Roughly two-thirds of the journal is composed of episodes from Me'ne'tra's youthful tour of France. It is a fantastic saga replete with sex and violence. In his lively short preface to this edition, Princeton historian Robert Darnton, writing with his customary wit and rigor, counts 52 seductions before Me'ne'tra's wedding. Corpses accumulate at an even more startling clip. An unhappy wife hangs herself; a friend drowns in the Seine; a jewelry setter accidentally poisons himself; and so on. When a farmer's dog runs after him, Me'ne'tra draws his pistol and casually kills the animal. When he uses the word "cruelty" in his text and accuses a man of being a "monster," it is not because the fellow has murdered his mistress -- a routine occurence -- but rather because he has cut out her heart, grilled it, eaten it, and then boasted to a police lieutenant that "if you tasted it once you wouldn't be able to get enough." THE SEX and violence are all the more remarkable given Me'ne'tra's professed interest in moral philosophy. "I injure no one," he writes solemnly (and inaccurately): "I do not seek to lead anyone astray." His journal is sprinkled with edifying aperc,us: "Some men lord it over others by making them believe in chimeras and that we're dumb enough to believe in all their talk." "Man is not made to humble himself before another man but only before God." Throughout, Me'ne'tra rails at the hypocrisy and deceit of organized religion, "the product of ignorance sustained by lies."
While comments like this suggest the influence of the Enlightenment, most of the text remains firmly rooted in a more ancient and unfamiliar world of palmistry, credulous piety and wild superstition. Darnton speculates that Me'ne'tra drew freely from the popular literature of his day, "which featured the sort of thing that he passed off as everyday occurrences on his travels: hideous crimes, encounters with ghosts, black magic, dramatic rescues, practical jokes (the funniest at the expense of priests), and orgies (the juiciest in nunneries)." At the same time, Me'ne'tra claims to have read The Social Contract, the great masterpiece of political philosophy by Jean-Jacques Rousseau. His journal includes an interesting and apparently authentic account of a chance meeting with Rousseau in 1771. The two men took a walk together and played checkers. "I lost," reports Me'ne'tra: "Both of us had the same clothes but not at all the same knowledge. Between us was like night and day."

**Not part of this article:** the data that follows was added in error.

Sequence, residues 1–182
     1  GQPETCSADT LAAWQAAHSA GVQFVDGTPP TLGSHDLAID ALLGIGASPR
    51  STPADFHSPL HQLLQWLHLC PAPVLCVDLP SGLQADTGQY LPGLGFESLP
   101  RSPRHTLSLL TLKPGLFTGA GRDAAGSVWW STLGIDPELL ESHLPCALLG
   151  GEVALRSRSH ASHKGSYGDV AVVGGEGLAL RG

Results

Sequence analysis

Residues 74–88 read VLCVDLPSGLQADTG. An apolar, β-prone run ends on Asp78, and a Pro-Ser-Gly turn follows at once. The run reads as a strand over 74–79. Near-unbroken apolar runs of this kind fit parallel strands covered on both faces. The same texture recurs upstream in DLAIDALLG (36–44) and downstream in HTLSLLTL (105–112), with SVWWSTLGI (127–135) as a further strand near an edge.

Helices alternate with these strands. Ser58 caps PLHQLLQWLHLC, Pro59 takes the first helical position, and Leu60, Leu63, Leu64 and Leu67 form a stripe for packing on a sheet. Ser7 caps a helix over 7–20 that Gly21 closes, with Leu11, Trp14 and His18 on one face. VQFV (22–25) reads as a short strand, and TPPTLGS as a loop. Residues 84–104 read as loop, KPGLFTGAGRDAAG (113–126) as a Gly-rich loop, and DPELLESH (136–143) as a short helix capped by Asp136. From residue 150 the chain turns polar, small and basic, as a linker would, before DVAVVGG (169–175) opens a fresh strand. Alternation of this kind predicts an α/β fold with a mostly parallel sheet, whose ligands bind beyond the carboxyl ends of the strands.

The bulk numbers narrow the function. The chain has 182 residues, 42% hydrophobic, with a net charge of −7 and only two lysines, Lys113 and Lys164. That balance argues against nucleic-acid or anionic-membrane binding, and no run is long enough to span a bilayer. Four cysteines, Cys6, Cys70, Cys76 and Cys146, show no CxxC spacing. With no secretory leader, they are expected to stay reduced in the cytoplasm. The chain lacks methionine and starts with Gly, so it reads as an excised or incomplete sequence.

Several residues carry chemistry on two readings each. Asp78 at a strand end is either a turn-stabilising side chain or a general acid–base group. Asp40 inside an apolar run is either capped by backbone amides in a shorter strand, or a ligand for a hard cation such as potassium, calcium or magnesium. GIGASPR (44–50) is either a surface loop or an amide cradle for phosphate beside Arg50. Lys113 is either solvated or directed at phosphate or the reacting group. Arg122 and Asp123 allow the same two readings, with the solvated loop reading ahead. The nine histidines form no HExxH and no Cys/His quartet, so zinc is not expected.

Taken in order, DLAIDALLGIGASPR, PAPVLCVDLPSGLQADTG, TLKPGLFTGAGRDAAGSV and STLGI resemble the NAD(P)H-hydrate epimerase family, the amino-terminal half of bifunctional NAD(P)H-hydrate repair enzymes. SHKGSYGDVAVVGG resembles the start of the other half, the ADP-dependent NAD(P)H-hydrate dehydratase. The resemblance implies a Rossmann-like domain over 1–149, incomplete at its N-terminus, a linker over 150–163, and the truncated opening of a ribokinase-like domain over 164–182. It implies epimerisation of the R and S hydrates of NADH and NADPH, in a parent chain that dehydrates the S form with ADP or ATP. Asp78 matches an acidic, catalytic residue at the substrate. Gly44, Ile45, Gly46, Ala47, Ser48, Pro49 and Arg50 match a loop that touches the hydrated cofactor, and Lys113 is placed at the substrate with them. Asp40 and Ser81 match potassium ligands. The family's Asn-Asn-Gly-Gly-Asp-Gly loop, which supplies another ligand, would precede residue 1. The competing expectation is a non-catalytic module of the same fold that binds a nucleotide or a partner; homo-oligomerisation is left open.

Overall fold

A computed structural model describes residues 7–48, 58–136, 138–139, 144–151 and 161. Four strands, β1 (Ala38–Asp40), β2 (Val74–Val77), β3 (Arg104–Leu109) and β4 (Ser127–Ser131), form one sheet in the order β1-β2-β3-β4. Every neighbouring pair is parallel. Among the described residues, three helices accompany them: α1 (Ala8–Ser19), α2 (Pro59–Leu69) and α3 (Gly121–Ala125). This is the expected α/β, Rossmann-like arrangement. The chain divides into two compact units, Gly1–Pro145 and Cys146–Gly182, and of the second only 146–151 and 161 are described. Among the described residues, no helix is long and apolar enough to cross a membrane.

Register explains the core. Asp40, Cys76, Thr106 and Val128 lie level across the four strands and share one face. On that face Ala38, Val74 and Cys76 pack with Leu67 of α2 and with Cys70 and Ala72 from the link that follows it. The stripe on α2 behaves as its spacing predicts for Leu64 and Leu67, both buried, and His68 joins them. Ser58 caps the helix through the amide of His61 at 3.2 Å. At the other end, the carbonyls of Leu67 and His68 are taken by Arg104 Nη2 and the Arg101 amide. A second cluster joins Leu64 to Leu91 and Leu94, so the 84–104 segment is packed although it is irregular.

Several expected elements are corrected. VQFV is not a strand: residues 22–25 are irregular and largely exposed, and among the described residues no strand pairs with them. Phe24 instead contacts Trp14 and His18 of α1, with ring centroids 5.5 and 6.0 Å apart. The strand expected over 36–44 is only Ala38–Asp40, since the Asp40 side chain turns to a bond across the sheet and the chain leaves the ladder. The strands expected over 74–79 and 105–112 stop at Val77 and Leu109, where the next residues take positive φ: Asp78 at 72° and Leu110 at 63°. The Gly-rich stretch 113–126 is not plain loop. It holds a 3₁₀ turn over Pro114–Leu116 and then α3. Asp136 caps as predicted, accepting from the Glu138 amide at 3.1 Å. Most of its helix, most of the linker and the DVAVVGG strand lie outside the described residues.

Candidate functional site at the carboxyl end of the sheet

The final pages of the journal plod along until 1789. "I was enjoying myself and watching my days go by when the French Revolution came suddenly and revived all our spirits. And the word liberty so often repeated had an almost supernatural effect and invigorated us all." Unruly and imaginative by temperament, with an intuitive affinity for Jacobin ideology, Me'ne'tra became a commited sans-culottes. "I never liked to be fenced in," he writes, "and liked even less losing my freedom." Out of such sentiments the ideal of modern democracy was forged -- in an epochal revolution that unleashed the culture of violence that Me'ne'tra also describes so well.
He emerged from Robespierre's Reign of Terror a chastened and wary man. Proud though he was, Me'ne'tra was no fool. His account of the Revolution is garbled and confusing, in part because he was trying to hide the extent of his own involvement. And at the close of his memoir, he openly worries about his own limitations. "How simple you are my mind," he laments. By what right, he wonders, do "you hold our father's faith up to ridicule"? He feared that his "pages are full of illusion . . . renounce erase and cross out what you have written."
We are lucky that Me'ne'tra overcame such qualms. For these strange and affecting memoirs offer an unforgettable glimpse, "from below," of French society at the dawn of its modern history. James Miller is the author of "Rousseau: Dreamer of Democracy" and the forthcoming "Changing America," a study of the New Left.